That's why, as a journalist, you shouldn't be on twitter, Andrew. You start thinking (and claiming) you know what the 'supporters' think (re. "wait until we get you in our back yard"). A couple of dozen tweets that you attract by baiting a few Indian fans on twitter don't reflect what Indian supporters think, in general. That's just disparaging to judge all the supporters by what you hear on twitter. Many more fans didn't say 'wait until..', but you choose to base your opinion (and write about it in an article as well) on a few angry tweets. Get off twitter, or stop judging 'Indian supporters' by what replies you get on twitter, because apparently you'd never take into account what the supporters who are 'not' sending you angry tweets think.

  • Girik on October 15, 2011, 1:51 GMT

    I agree with Vilander. India can only take revenge against England in Tests as that is the premier form of the game. But not only that but England humiliated India in Tests, not as much in ODI's. Even smashing the Poms at home in Tests would be nice. But ultimately winning the away Test series is the only true revenge. When Australia won the 2005 Border Gavaskar not only was it the "final frontier" but it was revenge for the amazing comeback they encountered from Laxman, Dravid and Harbhajan 4 years earlier. So India, wait 4 years for your revenge or at least until next year for the home Test series.

  • Dummy4 on October 14, 2011, 22:54 GMT

    Would be a good test for Cook Flower indeed, if the Indians keep preparing this kind of crap pitches that crumble into the second innings. Had the Indians batted second, the result may have been the reverse.

  • Muthuvel on October 14, 2011, 13:20 GMT

    Eng beat us 4-0 in tests, it does not matter what happens in odi's bragging rights firmly with Eng am afraid.

  • Dummy4 on October 14, 2011, 8:42 GMT

    Weren't they happy with thrashing the living daylights out of us and driving us out of their country.... they've followed us here to beat us into submission now!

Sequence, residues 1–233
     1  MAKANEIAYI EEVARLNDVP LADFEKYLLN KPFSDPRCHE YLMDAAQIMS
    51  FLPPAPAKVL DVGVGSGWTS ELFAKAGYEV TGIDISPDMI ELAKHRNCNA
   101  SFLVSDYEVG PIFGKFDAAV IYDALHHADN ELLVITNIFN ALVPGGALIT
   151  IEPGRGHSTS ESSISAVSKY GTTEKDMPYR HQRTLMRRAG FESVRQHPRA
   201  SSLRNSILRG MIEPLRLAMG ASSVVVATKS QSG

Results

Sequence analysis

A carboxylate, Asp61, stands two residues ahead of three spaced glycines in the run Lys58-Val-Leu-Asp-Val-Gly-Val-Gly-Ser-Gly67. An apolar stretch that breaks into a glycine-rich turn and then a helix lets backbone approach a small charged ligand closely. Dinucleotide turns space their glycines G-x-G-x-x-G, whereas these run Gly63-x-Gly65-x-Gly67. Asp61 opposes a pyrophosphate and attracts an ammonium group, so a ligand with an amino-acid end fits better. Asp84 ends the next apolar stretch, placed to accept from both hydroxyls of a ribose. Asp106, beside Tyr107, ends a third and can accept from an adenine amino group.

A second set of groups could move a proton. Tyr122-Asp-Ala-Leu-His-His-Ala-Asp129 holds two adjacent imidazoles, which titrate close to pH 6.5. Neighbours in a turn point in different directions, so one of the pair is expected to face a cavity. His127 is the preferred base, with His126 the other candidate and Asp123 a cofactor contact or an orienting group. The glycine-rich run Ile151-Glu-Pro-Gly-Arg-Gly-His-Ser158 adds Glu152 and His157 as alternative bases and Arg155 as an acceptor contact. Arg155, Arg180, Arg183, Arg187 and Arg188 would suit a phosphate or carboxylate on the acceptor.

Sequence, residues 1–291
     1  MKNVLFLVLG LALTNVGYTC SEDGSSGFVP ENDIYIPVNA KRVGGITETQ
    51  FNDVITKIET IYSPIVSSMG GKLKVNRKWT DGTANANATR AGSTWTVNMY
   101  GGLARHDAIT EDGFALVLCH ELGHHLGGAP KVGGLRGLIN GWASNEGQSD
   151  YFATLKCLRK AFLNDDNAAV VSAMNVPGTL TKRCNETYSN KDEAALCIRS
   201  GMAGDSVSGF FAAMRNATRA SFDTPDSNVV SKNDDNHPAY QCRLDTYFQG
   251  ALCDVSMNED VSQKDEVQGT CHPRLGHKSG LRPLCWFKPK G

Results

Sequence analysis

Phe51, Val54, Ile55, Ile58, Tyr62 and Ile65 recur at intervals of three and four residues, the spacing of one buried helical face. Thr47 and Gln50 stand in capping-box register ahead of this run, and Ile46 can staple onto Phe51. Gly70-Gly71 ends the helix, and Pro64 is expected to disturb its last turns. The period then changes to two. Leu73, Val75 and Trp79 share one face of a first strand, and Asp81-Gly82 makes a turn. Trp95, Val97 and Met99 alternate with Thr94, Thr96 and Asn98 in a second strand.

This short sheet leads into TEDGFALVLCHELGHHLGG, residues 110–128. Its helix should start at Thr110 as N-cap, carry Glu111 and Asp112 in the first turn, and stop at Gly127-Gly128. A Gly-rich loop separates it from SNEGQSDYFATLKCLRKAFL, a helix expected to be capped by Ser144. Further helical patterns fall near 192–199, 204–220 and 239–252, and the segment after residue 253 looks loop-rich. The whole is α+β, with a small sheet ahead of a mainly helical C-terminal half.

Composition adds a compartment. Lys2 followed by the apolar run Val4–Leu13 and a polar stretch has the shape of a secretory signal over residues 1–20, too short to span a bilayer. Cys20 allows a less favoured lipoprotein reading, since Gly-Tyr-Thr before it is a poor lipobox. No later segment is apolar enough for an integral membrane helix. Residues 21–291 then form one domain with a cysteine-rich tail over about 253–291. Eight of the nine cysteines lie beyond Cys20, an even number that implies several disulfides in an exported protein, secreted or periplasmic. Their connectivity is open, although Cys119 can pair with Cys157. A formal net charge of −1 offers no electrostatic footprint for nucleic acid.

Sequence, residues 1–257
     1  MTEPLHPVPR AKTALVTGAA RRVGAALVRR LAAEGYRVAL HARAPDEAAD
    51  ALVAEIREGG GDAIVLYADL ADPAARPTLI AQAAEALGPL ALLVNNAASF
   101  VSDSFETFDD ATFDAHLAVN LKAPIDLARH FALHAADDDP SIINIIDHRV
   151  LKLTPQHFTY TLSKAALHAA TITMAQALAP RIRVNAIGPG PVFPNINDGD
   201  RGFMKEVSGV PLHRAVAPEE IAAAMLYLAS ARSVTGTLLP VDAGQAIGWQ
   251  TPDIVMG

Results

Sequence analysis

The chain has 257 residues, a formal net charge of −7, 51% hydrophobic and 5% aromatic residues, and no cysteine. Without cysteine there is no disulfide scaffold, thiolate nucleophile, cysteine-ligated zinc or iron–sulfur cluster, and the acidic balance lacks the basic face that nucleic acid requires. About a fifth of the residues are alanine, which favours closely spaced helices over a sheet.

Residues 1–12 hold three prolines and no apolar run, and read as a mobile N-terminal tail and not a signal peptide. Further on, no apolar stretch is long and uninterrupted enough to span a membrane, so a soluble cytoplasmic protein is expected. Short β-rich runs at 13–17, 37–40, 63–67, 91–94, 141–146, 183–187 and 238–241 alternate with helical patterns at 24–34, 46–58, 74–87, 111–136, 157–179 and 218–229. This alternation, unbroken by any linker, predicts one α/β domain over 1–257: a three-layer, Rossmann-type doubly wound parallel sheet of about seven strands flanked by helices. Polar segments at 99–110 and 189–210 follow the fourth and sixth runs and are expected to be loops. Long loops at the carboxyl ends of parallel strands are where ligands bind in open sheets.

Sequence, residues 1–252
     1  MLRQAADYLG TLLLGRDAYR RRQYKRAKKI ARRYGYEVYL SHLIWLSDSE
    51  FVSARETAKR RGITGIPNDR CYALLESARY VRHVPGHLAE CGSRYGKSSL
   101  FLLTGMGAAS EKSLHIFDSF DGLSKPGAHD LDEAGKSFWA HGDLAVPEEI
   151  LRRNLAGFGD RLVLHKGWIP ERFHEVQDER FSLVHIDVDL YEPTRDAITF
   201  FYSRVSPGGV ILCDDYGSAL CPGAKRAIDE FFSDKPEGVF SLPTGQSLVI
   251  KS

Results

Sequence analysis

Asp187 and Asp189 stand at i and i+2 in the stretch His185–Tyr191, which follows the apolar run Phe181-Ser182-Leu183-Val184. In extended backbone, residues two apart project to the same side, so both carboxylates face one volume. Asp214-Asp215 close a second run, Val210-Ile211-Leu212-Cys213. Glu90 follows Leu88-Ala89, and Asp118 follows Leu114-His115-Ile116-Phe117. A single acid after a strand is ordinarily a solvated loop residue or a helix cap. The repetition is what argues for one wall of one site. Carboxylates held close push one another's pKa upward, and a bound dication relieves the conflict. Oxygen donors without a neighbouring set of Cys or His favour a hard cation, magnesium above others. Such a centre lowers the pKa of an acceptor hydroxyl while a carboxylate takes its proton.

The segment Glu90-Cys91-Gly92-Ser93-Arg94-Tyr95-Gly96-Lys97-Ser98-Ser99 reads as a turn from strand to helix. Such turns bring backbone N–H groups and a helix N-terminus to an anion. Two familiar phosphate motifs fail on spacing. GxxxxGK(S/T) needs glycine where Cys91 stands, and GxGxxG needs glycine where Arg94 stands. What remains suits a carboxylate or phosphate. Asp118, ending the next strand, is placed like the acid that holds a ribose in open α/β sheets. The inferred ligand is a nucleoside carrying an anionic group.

• kumar on October 14, 2011, 8:33 GMT

    jackiethepen EXCATLY knows what happend in england! lets go brits show me what you gotta now in INDIA calling yourself so called new champs and comparing yourself to West Indies and Australia's golden times! All you mad England fans READ this, I am hardcore Indian cricket fan! i love my country and follow cricket with very passion. I could gaurteens no Indian fan ever talked trashed nor act all khakhi when India was on top of table. And listen you gotta on top of table that with bagging BHIK for wicket of IAN BELL wicket. So before you compare yourself w/ India, remind yourself to win 2 ODDI's World cups, have captain like Dhoni who play in spirit of game , at last have so called god Cricket LIL master Sachin. Maybe you might have rulled us for almost 300 years but when it comes to Cricket! you might have taught us how to play but you still gotta another a century to compete to compare yourself to India. I hope that clear up your so called over CONFIDENCE! let the show BEGIN! REVENGE!

  • Arnab on October 14, 2011, 7:05 GMT

    Let this be a good series, and let the raw talents of Aaron, Yadav and Sharma be tested. I am not bothered by batting. Niether am I by a loss. i am more interested in prospects. This is a low ikey series and gives good opportunity for India to rebuild. Good luck to English and international players :P. But seriously stay safe and avoid delhi belly!

  • Jackie on October 13, 2011, 23:42 GMT

    I thought Bell had a decent Series against India given the D/L shortened games he played in. You can't comment on good starts being wasted when they contributed runs at a SR to propel the innings. You will get out when you are taking risks like that. Do you ever watch T20? Cook and Trott were often behind the rate and Bell asked to make sure we were in front with D/L on the board. The only time he played a different kind of innings was when he came in early and got 53 to rebuild the innings with Bopara. I'm fed up of cliches about cricketers throwing their wickets away and wasting good starts. When the rate goes above 8 as it did in the last game, Bell's first job was to bring it back to par - which he did.